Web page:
More than merely expressing a thousand words, photos have the power to attract the attention of key audiences (or repel them), evoke emotion and initiate interaction with others.
Pictures have long-supported written content for public outreach, from heightening articles to enhancing marketing collateral to enriching advertisements and more. But today many of those visual images and, now, videos, have moved from secondary roles to starring ones, especially when it comes to digital communications.
Consider a HubSpot piece on visual content marketing that found people remember 65 percent of information they’ve seen after three days when the material is accompanied by an image, versus a 10 percent retention rate when the content appears without a visual.
As well, digital cameras and smartphones have eased the process of seeing and sharing photos and videos, contributing to the boom in photo-taking, with 1.2 trillion photographs taken by cameras and smartphones around the world in 2017.
But, of course, having a smartphone or digital camera, alone, no matter how easy it makes it to point-and-shoot a picture or video, doesn’t mean the resulting images will be media-worthy. Out-of-focus, skewed, poorly lit or otherwise poorly taken pictures and videos not only miss the mark visually, but also can detract from otherwise great messaging, causing companies to miss opportunities to connect with and engage potential customers.
Ensure the photographs and videos used in your media outreach make a high-impact impression with the following tips:
- Watch the light when outdoors. Avoid shooting photos of subjects in harsh direct sunlight, going for softer shaded areas or waiting for overcast days, instead. If possible take outdoor pictures in the softer light a few hours after sunrise and a few before sunset. Also, align the exposure setting of your smartphone or camera with the brightest area in the photo’s frame, likely the sky, for optimal brightness.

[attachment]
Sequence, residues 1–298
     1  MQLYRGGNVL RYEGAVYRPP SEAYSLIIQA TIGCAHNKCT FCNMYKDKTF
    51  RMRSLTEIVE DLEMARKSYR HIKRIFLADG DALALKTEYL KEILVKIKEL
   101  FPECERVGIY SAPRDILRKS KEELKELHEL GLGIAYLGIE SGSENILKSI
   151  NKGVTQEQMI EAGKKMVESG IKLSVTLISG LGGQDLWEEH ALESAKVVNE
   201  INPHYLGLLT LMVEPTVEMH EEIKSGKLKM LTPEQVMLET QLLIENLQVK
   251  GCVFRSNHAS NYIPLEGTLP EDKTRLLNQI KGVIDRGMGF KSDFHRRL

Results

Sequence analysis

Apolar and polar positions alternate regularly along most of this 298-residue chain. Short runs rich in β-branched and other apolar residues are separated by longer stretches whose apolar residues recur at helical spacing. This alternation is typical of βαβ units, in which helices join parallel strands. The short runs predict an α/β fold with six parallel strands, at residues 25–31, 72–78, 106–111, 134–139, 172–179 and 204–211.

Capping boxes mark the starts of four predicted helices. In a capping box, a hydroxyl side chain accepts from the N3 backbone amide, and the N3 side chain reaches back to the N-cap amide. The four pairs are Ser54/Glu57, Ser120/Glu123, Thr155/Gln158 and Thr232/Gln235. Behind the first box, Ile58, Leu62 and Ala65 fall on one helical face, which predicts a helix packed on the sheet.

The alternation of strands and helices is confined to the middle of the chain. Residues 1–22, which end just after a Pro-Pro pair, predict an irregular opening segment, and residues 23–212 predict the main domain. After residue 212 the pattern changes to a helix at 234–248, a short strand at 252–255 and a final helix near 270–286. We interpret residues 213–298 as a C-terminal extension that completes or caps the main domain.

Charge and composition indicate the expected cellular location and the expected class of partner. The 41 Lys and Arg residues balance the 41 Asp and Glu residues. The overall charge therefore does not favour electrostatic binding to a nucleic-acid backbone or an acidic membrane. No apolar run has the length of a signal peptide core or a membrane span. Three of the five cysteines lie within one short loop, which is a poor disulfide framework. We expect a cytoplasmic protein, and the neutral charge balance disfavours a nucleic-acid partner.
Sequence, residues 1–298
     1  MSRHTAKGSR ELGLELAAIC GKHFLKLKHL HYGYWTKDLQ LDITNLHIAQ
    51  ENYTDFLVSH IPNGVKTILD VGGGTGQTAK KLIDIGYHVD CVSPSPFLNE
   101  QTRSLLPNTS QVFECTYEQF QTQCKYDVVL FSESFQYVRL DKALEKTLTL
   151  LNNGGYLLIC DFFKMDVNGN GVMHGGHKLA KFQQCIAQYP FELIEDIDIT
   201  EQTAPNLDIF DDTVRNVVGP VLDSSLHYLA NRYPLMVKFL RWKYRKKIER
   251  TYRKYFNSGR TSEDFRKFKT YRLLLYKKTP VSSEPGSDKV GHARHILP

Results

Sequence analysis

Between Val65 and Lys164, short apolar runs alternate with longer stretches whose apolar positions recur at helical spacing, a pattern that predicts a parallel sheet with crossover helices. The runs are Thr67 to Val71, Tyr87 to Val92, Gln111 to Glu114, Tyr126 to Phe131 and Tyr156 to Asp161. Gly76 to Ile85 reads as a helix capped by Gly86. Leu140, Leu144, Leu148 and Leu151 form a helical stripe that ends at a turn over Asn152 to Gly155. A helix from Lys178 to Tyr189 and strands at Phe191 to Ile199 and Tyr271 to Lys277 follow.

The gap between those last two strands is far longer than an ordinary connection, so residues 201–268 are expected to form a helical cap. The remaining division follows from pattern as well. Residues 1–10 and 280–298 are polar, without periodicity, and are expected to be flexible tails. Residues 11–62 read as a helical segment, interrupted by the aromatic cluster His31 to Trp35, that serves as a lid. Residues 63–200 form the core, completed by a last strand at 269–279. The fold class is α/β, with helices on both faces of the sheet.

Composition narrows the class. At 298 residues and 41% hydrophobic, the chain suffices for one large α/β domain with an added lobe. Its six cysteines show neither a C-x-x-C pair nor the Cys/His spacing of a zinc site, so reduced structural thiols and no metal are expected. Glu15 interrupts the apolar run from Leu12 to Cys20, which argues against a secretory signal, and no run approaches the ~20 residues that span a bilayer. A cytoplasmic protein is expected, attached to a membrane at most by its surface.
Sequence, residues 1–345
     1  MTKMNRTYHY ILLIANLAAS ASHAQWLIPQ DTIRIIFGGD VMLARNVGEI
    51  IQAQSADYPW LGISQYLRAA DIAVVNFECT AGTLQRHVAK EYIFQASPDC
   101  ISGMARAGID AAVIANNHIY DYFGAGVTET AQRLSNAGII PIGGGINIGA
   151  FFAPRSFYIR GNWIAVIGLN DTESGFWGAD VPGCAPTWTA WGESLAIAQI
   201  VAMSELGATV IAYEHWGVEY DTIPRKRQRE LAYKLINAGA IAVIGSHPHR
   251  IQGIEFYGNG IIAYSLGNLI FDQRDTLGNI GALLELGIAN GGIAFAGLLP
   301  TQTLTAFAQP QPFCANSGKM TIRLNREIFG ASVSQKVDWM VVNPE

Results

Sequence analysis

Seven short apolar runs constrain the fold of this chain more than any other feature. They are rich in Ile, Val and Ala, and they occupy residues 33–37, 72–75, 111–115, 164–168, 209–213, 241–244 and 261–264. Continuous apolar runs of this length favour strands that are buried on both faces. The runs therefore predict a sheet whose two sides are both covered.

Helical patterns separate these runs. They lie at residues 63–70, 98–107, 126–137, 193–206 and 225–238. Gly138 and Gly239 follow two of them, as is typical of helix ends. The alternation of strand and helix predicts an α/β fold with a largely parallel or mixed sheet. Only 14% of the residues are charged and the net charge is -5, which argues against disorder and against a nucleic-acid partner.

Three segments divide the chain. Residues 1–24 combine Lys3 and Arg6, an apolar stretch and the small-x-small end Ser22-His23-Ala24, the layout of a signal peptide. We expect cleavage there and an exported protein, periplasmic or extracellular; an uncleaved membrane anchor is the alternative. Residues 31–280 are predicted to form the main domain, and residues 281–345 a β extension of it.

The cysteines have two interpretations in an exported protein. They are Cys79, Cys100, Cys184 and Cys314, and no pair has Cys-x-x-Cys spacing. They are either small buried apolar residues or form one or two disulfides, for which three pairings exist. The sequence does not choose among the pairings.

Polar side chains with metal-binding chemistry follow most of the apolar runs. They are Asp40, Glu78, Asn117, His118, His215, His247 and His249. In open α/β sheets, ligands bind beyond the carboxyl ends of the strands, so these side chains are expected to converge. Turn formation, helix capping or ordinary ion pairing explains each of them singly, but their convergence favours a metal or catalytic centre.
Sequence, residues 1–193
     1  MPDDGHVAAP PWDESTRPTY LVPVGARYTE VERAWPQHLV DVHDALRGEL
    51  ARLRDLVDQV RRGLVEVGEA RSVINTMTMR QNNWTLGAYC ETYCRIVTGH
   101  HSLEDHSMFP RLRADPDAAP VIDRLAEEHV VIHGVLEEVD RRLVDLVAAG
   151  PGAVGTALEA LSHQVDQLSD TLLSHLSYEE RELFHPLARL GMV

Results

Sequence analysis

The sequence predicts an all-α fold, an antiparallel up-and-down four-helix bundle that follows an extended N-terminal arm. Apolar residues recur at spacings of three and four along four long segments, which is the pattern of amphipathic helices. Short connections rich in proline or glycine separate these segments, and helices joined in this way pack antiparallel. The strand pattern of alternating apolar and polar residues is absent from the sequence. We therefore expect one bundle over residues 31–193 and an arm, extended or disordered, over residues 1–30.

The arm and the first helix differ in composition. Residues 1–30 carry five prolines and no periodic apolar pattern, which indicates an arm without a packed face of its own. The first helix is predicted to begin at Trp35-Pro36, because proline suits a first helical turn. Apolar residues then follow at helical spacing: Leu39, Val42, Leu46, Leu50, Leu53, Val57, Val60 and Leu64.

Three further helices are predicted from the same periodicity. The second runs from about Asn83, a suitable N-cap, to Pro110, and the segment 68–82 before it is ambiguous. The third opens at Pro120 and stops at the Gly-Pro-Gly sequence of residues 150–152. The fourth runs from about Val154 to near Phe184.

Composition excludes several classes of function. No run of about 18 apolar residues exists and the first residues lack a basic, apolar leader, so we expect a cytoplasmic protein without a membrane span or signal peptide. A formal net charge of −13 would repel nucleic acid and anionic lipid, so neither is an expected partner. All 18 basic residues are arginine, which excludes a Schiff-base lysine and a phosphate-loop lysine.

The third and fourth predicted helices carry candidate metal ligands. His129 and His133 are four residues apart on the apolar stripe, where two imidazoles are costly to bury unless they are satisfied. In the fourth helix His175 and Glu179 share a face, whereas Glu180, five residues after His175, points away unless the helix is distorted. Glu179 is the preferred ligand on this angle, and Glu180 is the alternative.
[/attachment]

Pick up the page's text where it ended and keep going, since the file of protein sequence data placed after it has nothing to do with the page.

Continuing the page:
- Watch for windows when indoors. Light from windows help illuminate photos but avoid taking pictures directly into a window. Instead, position yourself behind or alongside a window. Move the photo’s subject around for the prime positioning and if there’s no light coming from the windows, brighten the environment and lessen the chance for blurred photos by turning on the lights.
- Think in thirds. Go for interesting compositions by framing photos in a three-part grid. Consider an off-center composition when appropriate and remember to leave a moderate amount of space above heads. Add to landscape depth by focusing on foreground objects.
- Play with perspective. Move around a bit for differing perspectives on the same subject, whether it’s an adult, child, animal, landscape or still object. Try focusing in from standing, sitting and kneeling positions, or climb on top of a chair.
- Refine people shots. If your smartphone or camera has a portrait mode, use it in well-lit environments when the potential for highly effective results is best. If possible, skip selfie mode and have someone take a front-facing photo of you and others to take advantage of the camera’s best attributes.
- Accessorize appropriately. Consider lens attachments to allow for a range of effects, including fisheye, wide angle and telephoto options.
- Take plenty of pictures. Improvement comes with practice, so take lots of pictures to amp up your ability to hone in on what works and doesn’t.
- Edit for maximum impact. Enhance your pictures by editing them as needed with your camera or smartphone’s editing app or through a third-party one, including refining the picture’s color, composition, brightness and sharpness.